BY LINDA BENTLEY | JANUARY 8, 2014
Class action suit against AARP alleges illegal insurance commissions
“Calling the commission a ‘royalty’ is merely a fiction created by defendants to further their illegal scheme”
GALVESTON, Texas – Two days before Christmas, Dr. John Milton Peacock and Robbie Cowan filed a class action lawsuit against AARP, formerly known as the American Association of Retired Persons, AARP Insurance Plan, UnitedHealth Group and UnitedHealthcare Insurance Company in U.S. District Court for the Southern District of Texas.
The plaintiffs, on behalf of a class of senior citizens and disabled individuals residing in Texas, are seeking to recoup millions of dollars, alleging they were fooled by deceptive practices and unlawful acts into paying artificially inflated insurance charges for Medicare supplemental health insurance policies so the defendants could use the inflated portion of the payment for the payment of insurance commissions to an unlicensed entity.
The complaint alleges, despite AARP’s nonprofit status, it reaps substantial income through business partnerships with large insurance companies such as UnitedHealth Group and UnitedHealthcare Insurance Company in the form of commissions.
According to the complaint, defendants, together and through their respective subsidiaries, “have orchestrated an elaborate scheme where AARP, as the de facto agent of UnitedHealth, helps market, solicit, sell, and/or renew ‘AARP-branded’ Medicare supplement health insurance policies (‘AARP Medigap’) on behalf of UnitedHealth, and also collects and remits insurance premiums and generally administers the AARP Medigap program for UnitedHealth, in exchange for a 4.95 percent commission from each new policy or renewal.”
The complaint states the defendants call the payment that goes from UnitedHealth to AARP a “royalty” for the use of AARP’s intellectual property. However, it states they are hiding the fact that the payment to AARP is actually “a percentage of premium commission that is charged to unsuspecting seniors and the disabled in addition to their insurance premium paid to UnitedHealth for coverage."
It claims the motive to term the commission payment a “royalty” is two-fold – it allows AARP to avoid oversight by insurance regulators, and it allows AARP to avoid paying taxes on the income it generates through insurance sales.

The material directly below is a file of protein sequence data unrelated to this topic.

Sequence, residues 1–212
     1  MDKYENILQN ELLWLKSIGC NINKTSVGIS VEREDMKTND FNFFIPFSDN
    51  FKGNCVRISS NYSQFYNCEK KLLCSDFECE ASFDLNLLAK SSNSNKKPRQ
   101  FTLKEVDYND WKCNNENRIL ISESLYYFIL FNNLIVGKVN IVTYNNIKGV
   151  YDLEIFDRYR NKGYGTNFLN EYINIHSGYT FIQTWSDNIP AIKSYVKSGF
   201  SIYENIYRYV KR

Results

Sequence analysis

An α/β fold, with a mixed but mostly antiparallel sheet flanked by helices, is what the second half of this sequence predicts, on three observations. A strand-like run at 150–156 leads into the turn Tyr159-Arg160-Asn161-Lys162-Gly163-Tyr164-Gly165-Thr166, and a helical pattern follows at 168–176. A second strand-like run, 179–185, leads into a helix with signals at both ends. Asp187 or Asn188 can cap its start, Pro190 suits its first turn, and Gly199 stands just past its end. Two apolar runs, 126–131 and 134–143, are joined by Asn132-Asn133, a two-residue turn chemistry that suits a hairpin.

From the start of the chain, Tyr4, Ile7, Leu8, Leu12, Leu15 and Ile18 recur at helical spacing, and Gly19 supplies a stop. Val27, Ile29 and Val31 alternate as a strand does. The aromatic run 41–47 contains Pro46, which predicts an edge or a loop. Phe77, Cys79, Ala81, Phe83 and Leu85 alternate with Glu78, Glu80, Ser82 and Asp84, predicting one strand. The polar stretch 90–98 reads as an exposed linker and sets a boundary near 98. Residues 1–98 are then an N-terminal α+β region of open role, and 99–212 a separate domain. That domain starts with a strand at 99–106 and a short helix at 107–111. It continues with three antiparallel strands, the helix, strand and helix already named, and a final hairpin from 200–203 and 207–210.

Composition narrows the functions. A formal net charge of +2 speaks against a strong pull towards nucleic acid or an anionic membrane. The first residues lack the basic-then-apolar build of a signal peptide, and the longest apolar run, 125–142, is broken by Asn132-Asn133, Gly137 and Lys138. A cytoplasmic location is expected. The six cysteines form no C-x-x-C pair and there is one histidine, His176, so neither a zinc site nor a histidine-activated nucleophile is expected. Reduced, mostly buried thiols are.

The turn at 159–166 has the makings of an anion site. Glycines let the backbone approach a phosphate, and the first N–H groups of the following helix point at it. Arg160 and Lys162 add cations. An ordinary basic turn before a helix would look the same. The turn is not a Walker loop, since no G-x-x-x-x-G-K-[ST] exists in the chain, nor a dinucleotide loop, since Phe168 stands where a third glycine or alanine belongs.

Plaintiffs state, “Calling the commission a ‘royalty’ is merely a fiction created by defendants to further their illegal scheme.”
The complaint details the unlawfulness of the acts first by pointing out they violate the Texas Insurance Code, whereas AARP, which is not a licensed insurance agent, regularly acts as the de facto agent to help market, solicit and sell AARP Medigap policies for UnitedHealth.
And, because AARP is not licensed as an insurance agent, the complaint asserts it may not collect a commission for marketing, soliciting or selling/renewing of AARP Medigap policies on behalf of UnitedHealth and UnitedHealth is precluded from paying such commissions to AARP.
Plaintiffs contend the end result of that false and deceptive business practice under the Texas Deceptive Trade Practices-Consumer Protection Act (DTPA) is consumers being charged an artificially inflated amount for insurance coverage, in violation of the DTPA.
The complaint points out similar Medigap policies offered without the “AARP brand” offer identical benefits, often at a lower cost, in part because those insurers do not secretly charge unlawful insurance agent commissions to consumers.
It said plaintiffs and other members of the class, had it not been for defendants’ deceptive and unlawful acts, “would not have agreed to pay the 4.95 percent illegal insurance commission secretly charged on top of their insurance premiums,” were injured by the actual loss of the 4.95 percent commission payment and paid more for AARP Medigap insurance.
If the matter is not resolved within 31 days from its filing, plaintiffs will amend the complaint to seek disgorgement of all ill-gotten gains and benefits or profits taken from individuals and businesses including all the proceeds, profits, income, interest and accessions thereto, including treble damages, as well as a temporary and permanent injunction against the defendants from engaging in the alleged unlawful practices described in the lawsuit, along with class certification.